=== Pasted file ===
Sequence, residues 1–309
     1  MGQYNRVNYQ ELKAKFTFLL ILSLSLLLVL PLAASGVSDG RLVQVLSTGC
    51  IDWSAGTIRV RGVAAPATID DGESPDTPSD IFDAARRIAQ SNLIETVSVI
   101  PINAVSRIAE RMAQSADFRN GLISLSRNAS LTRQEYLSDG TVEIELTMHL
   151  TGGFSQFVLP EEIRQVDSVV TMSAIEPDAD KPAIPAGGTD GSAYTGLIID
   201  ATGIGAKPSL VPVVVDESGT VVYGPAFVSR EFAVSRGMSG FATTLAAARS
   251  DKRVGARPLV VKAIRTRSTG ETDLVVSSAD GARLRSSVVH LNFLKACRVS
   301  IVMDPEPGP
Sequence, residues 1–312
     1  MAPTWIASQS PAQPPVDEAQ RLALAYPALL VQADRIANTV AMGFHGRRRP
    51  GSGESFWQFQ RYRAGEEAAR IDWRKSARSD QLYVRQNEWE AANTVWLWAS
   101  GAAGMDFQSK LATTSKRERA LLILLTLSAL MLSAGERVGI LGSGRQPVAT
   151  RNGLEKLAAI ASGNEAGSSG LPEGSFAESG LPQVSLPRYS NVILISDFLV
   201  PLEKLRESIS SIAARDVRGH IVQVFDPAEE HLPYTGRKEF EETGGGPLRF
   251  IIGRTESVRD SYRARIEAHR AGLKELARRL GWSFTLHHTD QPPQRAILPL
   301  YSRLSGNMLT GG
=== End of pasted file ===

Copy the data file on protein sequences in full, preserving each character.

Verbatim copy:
Sequence, residues 1–309
     1  MGQYNRVNYQ ELKAKFTFLL ILSLSLLLVL PLAASGVSDG RLVQVLSTGC
    51  IDWSAGTIRV RGVAAPATID DGESPDTPSD IFDAARRIAQ SNLIETVSVI
   101  PINAVSRIAE RMAQSADFRN GLISLSRNAS LTRQEYLSDG TVEIELTMHL
   151  TGGFSQFVLP EEIRQVDSVV TMSAIEPDAD KPAIPAGGTD GSAYTGLIID
   201  ATGIGAKPSL VPVVVDESGT VVYGPAFVSR EFAVSRGMSG FATTLAAARS
   251  DKRVGARPLV VKAIRTRSTG ETDLVVSSAD GARLRSSVVH LNFLKACRVS
   301  IVMDPEPGP
Sequence, residues 1–312
     1  MAPTWIASQS PAQPPVDEAQ RLALAYPALL VQADRIANTV AMGFHGRRRP
    51  GSGESFWQFQ RYRAGEEAAR IDWRKSARSD QLYVRQNEWE AANTVWLWAS
   101  GAAGMDFQSK LATTSKRERA LLILLTLSAL MLSAGERVGI LGSGRQPVAT
   151  RNGLEKLAAI ASGNEAGSSG LPEGSFAESG LPQVSLPRYS NVILISDFLV
   201  PLEKLRESIS SIAARDVRGH IVQVFDPAEE HLPYTGRKEF EETGGGPLRF
   251  IIGRTESVRD SYRARIEAHR AGLKELARRL GWSFTLHHTD QPPQRAILPL
   301  YSRLSGNMLT GG